04.20.19

Largest Patent Offices Try to Leave Courts in a State of Disarray to Enable the Granting of Fake Patents in the US and Europe

Posted in America, Europe, Law, Patents at 4:00 am by Dr. Roy Schestowitz

Nonsensical patent offices that put the litigation ‘industry’ ahead of the real industry. They’re not representative of the public at all.

French EPO

Summary: Like a monarchy that effectively runs all branches of government the management of the EPO is trying to work around the judiciary; the same is increasingly happening (or at least attempted) in the United States

THE SUBJECT of software patents in Europe goes a long way back. I had written about it before this site even existed, before Brimelow ran the EPO and back in the days another French President (not Battistelli and Campinos) was in charge. He, unlike the latter two, was actually a scientist and one whom the staff generally respected. We wrote a lot about him over the years and showed staff generally respected him (not everyone but many).

The main issue today is that there’s no separation of powers; virtually none. Europe’s patent system became a monstrosity, only limited in part by a court system that is federated and untouched by the EPO’s (and EU’s) clout.

“EPO is also not following the rule of law,” as Benjamin Henrion put it a couple of days ago, and “it is an administration shielded by diplomatic immunity, and cannot be sued for maladministration. And the Commission is supporting this kind of institution for the Unitary Patent, while not even compatible with the treaties…”

“The main issue today is that there’s no separation of powers; virtually none.”The European Patent Office (and Organisation) is just some island inside Europe and it does whatever it pleases, irrespective of the interests and opinions of actual Europeans. Who benefits? Law firms. Not necessarily European ones, either.

Recently we’ve seen lots and lots of ‘articles’ (ads by law firms) about patents on maths, nature, and life. Here in Lexology one can see Bardehle Pagenberg’s Bastian Best continuing his promotion of illegal software patents (as he has done for a decade). Best wrote much more about it a fortnight ago. His employer is probably the loudest proponent of software patents (and has been for quite some time). They even tweeted this before the weekend: “Software patents: How are they examined at the @EPOorg? Here’s our patent attorney @bastianbest explaining the legal framework with simple examples.”

They just look for loopholes and then promote these.

“They just look for loopholes and then promote these.”Kilburn & Strode LLP’s Paul Briscoe and Kristina Cornish meanwhile drool over patents on nature and life — granted illegally or in defiance of the EPC. Kilburn & Strode has also just published this rather crude call to “File! File! File!” So say patent agents who profit from lots of fake patents that are actually worthless but lead to legal bills. File applications, file lawsuits etc. Lexology is full of this nonsense every single day and it says “[t]he clarion call comes from patent attorneys and inventors alike” even though what we have here is lawyers speaking ‘for’ inventors without naming any.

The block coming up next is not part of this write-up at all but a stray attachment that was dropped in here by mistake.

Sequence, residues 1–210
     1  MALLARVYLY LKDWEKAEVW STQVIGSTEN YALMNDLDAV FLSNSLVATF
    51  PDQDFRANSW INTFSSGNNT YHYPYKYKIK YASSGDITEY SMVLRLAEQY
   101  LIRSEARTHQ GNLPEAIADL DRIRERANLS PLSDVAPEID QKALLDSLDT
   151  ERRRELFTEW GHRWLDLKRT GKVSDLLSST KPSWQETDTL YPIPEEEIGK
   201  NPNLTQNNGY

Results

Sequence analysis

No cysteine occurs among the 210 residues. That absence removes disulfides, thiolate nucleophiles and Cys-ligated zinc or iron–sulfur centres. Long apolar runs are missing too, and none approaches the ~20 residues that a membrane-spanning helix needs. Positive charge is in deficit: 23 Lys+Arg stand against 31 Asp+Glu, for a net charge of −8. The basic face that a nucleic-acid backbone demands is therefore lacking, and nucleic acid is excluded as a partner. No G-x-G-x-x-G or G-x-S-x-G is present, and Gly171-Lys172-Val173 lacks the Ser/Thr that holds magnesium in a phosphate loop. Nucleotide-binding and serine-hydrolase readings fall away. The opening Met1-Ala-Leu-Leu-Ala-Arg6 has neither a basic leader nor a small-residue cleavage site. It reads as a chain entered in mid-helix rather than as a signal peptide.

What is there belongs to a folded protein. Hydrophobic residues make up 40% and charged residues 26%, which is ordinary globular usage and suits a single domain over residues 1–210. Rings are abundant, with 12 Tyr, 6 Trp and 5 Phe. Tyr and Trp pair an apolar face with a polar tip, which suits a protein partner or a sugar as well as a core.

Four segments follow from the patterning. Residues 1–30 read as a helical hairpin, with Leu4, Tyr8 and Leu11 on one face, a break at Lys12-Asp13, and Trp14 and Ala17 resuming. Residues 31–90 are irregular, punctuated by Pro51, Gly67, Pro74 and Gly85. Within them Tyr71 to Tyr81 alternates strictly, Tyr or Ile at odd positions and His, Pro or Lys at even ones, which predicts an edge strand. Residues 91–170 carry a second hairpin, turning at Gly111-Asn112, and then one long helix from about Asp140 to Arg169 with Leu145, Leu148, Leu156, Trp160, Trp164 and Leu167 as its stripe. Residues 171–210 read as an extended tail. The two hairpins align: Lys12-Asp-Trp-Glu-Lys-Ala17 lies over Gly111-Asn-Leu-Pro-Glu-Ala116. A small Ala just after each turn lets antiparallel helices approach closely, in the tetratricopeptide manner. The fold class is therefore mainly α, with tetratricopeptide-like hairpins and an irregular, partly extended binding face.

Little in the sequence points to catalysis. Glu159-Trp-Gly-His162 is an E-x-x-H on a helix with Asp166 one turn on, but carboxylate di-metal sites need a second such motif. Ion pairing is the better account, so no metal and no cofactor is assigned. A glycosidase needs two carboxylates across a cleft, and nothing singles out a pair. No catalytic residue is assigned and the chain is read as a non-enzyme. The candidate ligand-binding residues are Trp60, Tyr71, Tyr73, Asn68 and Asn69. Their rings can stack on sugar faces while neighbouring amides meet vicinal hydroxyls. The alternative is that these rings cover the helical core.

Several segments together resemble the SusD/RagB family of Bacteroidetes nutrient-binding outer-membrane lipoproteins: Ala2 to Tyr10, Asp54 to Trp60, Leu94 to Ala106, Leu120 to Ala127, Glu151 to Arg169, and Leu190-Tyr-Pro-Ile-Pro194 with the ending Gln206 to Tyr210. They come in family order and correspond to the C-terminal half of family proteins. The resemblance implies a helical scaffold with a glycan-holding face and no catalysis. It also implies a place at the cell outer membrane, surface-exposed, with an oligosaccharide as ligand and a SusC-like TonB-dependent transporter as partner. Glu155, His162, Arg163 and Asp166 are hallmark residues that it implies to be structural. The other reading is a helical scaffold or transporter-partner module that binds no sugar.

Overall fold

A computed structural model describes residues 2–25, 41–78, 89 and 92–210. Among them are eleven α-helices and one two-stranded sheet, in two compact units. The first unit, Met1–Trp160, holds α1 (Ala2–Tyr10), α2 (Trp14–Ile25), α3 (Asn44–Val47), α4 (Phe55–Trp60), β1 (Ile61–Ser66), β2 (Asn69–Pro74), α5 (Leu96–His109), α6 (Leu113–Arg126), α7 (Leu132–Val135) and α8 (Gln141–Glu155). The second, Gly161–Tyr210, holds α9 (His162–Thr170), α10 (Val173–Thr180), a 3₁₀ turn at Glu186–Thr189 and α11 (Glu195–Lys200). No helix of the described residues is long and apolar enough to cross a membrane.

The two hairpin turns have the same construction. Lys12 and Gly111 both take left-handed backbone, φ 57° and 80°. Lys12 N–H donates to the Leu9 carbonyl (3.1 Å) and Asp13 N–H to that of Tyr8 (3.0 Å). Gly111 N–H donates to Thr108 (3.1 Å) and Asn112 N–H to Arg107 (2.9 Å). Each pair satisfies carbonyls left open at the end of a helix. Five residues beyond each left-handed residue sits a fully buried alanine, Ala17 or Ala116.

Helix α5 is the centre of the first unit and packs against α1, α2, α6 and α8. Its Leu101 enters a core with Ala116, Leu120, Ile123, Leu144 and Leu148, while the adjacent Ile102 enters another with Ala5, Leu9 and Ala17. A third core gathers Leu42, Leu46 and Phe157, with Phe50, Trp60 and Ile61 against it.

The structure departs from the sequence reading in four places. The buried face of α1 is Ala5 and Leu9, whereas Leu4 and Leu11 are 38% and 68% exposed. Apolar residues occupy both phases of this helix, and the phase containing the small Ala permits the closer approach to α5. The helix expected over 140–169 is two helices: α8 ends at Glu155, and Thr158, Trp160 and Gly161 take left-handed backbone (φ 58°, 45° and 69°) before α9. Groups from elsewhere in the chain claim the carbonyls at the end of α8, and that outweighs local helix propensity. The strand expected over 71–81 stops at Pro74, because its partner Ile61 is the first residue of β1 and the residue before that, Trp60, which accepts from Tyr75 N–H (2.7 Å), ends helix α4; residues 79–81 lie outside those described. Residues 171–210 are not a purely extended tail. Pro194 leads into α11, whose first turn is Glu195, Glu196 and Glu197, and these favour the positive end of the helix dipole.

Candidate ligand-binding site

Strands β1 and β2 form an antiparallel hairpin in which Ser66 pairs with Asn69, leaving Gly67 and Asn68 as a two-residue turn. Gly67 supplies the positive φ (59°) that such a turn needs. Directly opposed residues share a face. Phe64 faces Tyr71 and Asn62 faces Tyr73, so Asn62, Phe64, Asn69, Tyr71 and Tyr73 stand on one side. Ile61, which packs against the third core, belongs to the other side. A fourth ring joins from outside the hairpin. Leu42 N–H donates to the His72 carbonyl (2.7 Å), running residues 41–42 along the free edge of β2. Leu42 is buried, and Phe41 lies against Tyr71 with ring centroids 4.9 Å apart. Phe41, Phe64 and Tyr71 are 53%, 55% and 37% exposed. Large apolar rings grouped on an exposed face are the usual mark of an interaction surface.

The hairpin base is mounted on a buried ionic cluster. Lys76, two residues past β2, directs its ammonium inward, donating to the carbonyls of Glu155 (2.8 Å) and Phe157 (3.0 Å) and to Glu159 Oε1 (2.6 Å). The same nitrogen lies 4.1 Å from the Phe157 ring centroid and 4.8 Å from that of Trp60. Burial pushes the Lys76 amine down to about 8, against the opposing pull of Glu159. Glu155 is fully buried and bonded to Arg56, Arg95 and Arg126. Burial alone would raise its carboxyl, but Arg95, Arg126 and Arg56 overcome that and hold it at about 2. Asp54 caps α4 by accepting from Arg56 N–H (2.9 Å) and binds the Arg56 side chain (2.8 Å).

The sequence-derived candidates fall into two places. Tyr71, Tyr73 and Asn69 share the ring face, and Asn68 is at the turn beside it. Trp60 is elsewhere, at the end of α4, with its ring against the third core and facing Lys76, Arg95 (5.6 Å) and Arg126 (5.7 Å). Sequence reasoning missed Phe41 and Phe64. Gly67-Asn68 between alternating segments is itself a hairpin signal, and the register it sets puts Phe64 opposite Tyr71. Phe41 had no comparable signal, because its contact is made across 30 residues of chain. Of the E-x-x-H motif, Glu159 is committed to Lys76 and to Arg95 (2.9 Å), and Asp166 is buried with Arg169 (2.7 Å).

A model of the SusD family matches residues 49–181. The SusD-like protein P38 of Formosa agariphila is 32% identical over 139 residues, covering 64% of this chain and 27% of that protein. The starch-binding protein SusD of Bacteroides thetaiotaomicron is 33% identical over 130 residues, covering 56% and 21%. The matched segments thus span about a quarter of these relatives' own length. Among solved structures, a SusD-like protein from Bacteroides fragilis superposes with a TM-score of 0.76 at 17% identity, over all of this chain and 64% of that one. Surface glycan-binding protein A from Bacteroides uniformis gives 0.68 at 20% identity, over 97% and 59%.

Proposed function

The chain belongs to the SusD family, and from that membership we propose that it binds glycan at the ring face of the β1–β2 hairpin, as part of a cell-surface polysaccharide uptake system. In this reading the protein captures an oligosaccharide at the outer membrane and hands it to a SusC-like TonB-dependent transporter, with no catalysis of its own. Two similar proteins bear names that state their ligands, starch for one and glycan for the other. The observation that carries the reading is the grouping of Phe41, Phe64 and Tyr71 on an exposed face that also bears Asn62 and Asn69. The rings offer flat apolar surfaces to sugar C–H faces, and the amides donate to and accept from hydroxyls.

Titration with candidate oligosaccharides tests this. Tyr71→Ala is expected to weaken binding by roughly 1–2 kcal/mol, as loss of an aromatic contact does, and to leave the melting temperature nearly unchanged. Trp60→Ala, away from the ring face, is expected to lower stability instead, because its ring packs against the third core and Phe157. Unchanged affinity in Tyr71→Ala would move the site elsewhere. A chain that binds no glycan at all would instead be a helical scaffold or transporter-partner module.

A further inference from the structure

The EPO has meanwhile retweeted this French front group of patent law firms. This year, for the first time, the EPO has been calling for "MedTech" patents — an intentionally misleading term. The EPO pretends software patents are “life-saving” and “for SMEs”, soon to be parroted by this front group which said “Medtech CII event to raise awareness among SMEs…”

It has nothing to do with SMEs, but the EPO and patent maximalists are nowadays cooperating in their shameless propaganda.

We’re meanwhile seeing similar moves in the US. Haynes and Boone LLP’s Chad Hammerlind, for example, has chosen a nonsensical and misleading headline by which to twist the reality surrounding the Federal Circuit. 35 U.S.C. § 101 continues to be followed by courts (see our daily links for the latest examples) and patent maximalists are desperate to find new ways to bypass the courts, in essence pursuing patents they know to be invalid (as per the law).

“It has nothing to do with SMEs, but the EPO and patent maximalists are nowadays cooperating in their shameless propaganda.”Contrary to what these maximalists keep saying in recent days, none of that is changing. The US Congress isn’t bringing software patents back; some readers sent us headsups about it (for Techrights to cover). See the comments at the bottom of this post with a misleading headline from Kevin E. Noonan. These are just a handful of bribed politicians, the usual suspects (the same old ones), trying to push through software patents for their sponsors. They tried and failed. Trying again because it’s spring? There are several more articles like these, e.g. this from Ropes & Gray LLP’s Scott McKeown and several from Watchtroll. Eileen McDermott of Watchtroll says “Change May Be Coming: Members of Congress Release Framework to Fix Patent Eligibility Law,” but they have been saying it for years (around the same time). Each time it makes some headlines it only lasts a few days or weeks but nothing happens at the end; it never happens. It dies after summer recess every time. Each year. What we have here is just a handful of people with ties to the litigation industry who cannot quite tell US Congress what to do on software patents and Eileen McDermott is smart enough to know it. They have tried it for years and failed. As a journalist she should know this. She wrote: “Senators Thom Tillis (R-NC) and Chris Coons (D-DE)—respectively, Chair and Ranking Member of the Senate Judiciary Subcommittee on Intellectual Property—and Representatives Doug Collins (R-GA-9), Ranking Member of the House Judiciary Committee; Hank Johnson (D-GA-4), Chair of the House Judiciary…”

She later wrote another piece titled “Reactions Roll in On Congress’s Proposed 101 Framework: ‘The Right Approach’ or ‘A Swing and a Miss’?”

As if the U.S. Patent and Trademark Office (USPTO) sets the rules for Congress or some people who profit from patent maximalism get to decide on the law which governs them.